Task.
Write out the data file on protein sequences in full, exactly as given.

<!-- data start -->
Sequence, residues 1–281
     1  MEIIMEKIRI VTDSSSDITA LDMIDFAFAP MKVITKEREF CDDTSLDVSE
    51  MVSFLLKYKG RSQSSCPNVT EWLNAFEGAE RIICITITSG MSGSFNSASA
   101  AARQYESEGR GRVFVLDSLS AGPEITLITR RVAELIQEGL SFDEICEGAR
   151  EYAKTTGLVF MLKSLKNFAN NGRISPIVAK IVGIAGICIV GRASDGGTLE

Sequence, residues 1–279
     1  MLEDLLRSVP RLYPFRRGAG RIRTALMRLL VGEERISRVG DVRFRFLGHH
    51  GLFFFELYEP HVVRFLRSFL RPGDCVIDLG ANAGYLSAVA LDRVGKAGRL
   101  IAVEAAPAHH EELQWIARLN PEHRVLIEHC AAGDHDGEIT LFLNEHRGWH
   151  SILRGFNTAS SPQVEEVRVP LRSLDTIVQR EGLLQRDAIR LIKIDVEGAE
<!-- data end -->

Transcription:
Sequence, residues 1–281
     1  MEIIMEKIRI VTDSSSDITA LDMIDFAFAP MKVITKEREF CDDTSLDVSE
    51  MVSFLLKYKG RSQSSCPNVT EWLNAFEGAE RIICITITSG MSGSFNSASA
   101  AARQYESEGR GRVFVLDSLS AGPEITLITR RVAELIQEGL SFDEICEGAR
   151  EYAKTTGLVF MLKSLKNFAN NGRISPIVAK IVGIAGICIV GRASDGGTLE

Sequence, residues 1–279
     1  MLEDLLRSVP RLYPFRRGAG RIRTALMRLL VGEERISRVG DVRFRFLGHH
    51  GLFFFELYEP HVVRFLRSFL RPGDCVIDLG ANAGYLSAVA LDRVGKAGRL
   101  IAVEAAPAHH EELQWIARLN PEHRVLIEHC AAGDHDGEIT LFLNEHRGWH
   151  SILRGFNTAS SPQVEEVRVP LRSLDTIVQR EGLLQRDAIR LIKIDVEGAE